My name is Ricko DeWilde, I am an Athabascan Indian. I was raised up a traditional Native lifestyle 100 miles up the river outside the small village of Huslia, Alaska. I am the third youngest of 14 children born to my late parents, Lloyd and Amelia DeWilde. My parents home schooled and raised us year around in this homestead. Hunting, trapping, farming, and gathering were our means of getting by. Every year when the spring ice thawed and went out in May, my family and I would take the spruce wood boat that we built and go 100 miles downriver to Huslia for our supplies and mail. We would stay for about a month, load up our supplies and then go back to the wilderness. My lifestyle and culture was far different than what I live by today. I lived in a place that had no television, running water, electricity, etc. Aside from our school books, we were always being taught different life skill to get through the different seasons of the year. Cultural skills were the basics to survival. My mother would teach and create many of these skills including making fish nets with twine, nets under the ice in the winter, snaring and hunting rabbits, ptarmigan, grouse, sewing our canvas bag mattresses to be filled with moose hair, fur parkas, mittens, hats, etc. My father was also busy with our seasonal survival activities. Building boats, canoes, fish traps, snowshoes, from birch and spruce. Trapping beaver under the ice, marten, wolves, wolverine, lynx, mink, etc, were the fur bearing animals essential to providing material for clothing and to sell for money to buy supplies for the camp. My mother and father also taught us what and when to hunt certain animals for meat, depending on the season. Bears in the den, fish, moose, caribou, beaver, etc. We were taught the proper steps to ensuring the meat was taken care of and stored without the use of freezers or canning. Staying safe, warm and alive while out hunting and trapping is essential to survival in the woods. One must know where and when to cross frozen lakes and rivers, how to check the ice and to avoid places like beaver houses on frozen lakes. One must also know where and how to create a shelter and fire if needed, and what tools and food to carry on long treks. Walking in snowshoes and traveling by canoe also has a set of rules to follow. Proper care of skin clothing is essential to staying dry and warm too.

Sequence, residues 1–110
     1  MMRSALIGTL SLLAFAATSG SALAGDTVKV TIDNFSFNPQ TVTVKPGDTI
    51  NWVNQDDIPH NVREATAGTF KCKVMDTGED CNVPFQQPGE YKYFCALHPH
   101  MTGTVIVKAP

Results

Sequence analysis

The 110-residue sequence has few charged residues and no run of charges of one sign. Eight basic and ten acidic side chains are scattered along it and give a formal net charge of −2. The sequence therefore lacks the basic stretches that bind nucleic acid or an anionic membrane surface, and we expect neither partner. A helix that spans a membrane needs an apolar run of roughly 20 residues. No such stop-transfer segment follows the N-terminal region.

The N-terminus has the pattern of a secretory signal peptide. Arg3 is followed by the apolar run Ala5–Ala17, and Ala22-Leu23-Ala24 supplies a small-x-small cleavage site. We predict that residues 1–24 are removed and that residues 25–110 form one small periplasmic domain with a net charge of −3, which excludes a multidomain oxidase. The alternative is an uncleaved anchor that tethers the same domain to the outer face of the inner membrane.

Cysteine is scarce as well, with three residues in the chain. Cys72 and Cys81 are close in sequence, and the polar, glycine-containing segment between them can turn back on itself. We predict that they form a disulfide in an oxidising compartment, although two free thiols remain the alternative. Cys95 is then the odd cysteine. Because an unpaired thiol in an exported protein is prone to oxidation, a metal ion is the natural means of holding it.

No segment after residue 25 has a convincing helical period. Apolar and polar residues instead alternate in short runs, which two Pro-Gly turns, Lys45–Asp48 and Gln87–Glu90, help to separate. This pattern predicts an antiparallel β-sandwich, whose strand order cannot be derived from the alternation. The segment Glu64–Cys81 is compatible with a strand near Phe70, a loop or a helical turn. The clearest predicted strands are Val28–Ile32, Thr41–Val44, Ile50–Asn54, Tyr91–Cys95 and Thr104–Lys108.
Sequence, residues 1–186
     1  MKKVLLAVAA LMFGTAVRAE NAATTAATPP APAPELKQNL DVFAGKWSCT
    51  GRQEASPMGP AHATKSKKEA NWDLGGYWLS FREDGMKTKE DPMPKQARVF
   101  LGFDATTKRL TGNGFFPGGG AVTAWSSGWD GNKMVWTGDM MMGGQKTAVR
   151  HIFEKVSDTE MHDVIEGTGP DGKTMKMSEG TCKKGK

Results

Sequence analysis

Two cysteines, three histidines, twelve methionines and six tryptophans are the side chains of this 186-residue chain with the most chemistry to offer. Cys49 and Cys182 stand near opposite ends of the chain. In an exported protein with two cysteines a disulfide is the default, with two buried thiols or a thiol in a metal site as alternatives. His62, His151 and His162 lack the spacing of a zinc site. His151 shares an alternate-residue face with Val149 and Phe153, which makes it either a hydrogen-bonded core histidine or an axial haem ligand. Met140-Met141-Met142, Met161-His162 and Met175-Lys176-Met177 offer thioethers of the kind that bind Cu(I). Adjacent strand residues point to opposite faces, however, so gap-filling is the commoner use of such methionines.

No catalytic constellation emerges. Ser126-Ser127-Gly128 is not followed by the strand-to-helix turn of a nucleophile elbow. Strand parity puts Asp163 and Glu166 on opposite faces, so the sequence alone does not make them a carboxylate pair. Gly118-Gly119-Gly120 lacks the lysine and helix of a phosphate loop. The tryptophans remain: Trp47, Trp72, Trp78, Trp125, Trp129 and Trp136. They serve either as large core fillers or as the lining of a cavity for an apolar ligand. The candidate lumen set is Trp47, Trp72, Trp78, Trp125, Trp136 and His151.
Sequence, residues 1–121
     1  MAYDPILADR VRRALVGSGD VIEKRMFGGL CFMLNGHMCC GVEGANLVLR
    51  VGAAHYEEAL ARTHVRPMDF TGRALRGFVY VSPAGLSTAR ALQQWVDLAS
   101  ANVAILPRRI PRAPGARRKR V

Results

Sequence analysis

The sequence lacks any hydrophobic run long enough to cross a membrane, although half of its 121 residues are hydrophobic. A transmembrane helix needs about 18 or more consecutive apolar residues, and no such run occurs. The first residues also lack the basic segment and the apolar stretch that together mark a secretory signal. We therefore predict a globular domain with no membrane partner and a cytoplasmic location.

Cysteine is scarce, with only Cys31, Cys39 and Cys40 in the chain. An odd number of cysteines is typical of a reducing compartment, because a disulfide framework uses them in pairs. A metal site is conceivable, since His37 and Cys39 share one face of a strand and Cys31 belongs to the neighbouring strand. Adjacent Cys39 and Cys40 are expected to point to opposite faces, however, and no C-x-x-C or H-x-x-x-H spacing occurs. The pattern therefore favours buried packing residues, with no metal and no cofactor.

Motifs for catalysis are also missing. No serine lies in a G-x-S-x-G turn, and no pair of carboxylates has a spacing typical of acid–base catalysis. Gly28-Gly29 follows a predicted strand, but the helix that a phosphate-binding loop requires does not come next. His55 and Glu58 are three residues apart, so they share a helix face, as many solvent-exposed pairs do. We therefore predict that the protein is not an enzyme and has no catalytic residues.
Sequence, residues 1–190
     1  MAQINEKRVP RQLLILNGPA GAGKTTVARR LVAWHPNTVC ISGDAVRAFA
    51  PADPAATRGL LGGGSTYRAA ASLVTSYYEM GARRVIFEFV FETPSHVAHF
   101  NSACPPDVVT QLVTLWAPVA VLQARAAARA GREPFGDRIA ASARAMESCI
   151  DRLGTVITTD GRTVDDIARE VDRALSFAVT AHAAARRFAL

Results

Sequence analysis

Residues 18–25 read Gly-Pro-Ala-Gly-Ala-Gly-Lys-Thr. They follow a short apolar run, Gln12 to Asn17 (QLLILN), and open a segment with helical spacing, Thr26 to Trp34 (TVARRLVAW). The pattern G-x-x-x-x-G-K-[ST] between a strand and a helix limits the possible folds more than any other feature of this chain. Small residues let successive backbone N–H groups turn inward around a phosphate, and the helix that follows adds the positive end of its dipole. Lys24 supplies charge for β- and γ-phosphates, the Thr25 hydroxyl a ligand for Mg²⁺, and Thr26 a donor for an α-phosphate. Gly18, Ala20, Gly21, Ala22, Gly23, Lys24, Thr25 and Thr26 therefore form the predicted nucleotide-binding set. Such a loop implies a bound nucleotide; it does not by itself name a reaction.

In the recent years, my mother, father, older sister, and grandmother had passed away. Traditionally my family was to have a memorial potlatch about two years after the death to honor our past family members. Potlatches are also a final step in the mourning process of Athabascan Indians. It is a big feast and all the deceased personal belongings are taken out of storage and given out to family and friends. It is a final step of letting go of the deceased and to let their spirit go to the land of our forefathers and ancestors. In the few years before a potlatch the family will also sew mittens, fur hats, kakinas (skin boots), etc, to be handed out at the potlatch. Also common for hand out gifts today is memorial shirts, cups, pins, key chains, etc.
For the potlatch I wanted to design some sweaters to represent who they were and what they meant to me. I sat down with this friend of the family who was an artist and discussed ideas on designs that would represent a strong sense of natural Native American strength and beauty. I wanted feathers to represent the beauty of our culture. For strength I wanted to display the strongest, most respected animals of our land, and also the tools and weapons of our ancestors. I try to display the left hand of the bear as much as possible with the art because it’s a left hand animal. As a young adult I was taught this fact because if one is to ever wound and pursue a grizzly while hunting, they must watch for possible ambush from the left side. Grizzlies will tend to circle left and wait on its trail or come from behind if it decides to fight back. I strongly advise my artist to display a tough personality when drawing the animals or Native Americans. I believe too much art and themes of the Native Americans today display an old, wrinkled, broken warrior, or spiritual, but, timid Native who is vulnerable to the elements of today. I feel that, like me, many of my people are ready to take on new challenges and fight for a spot in this world today and build something for the future of our children.
In June of 2007 I handed out 25 hooded sweatshirts to my family and friends. Following the potlatch I got numerous compliments and requests to have sweaters done. I continued to make them, but for sale, and they continued to be in demand. The inspiration to name the line Hydz came from the importance that animal hides has had in my life. Hides is also a signature term for the traditional clothing of Native Americans and has played one of the most important roles in the survival of all mankind.
I was created and raised by my parents in a strong Native American culture. I created designs to represent who they were and to thank them for what they had done for me. In the end the designs for my parents has been a gift from them to me and represents who I am and where I came from.
Thank you, Ricko DeWilde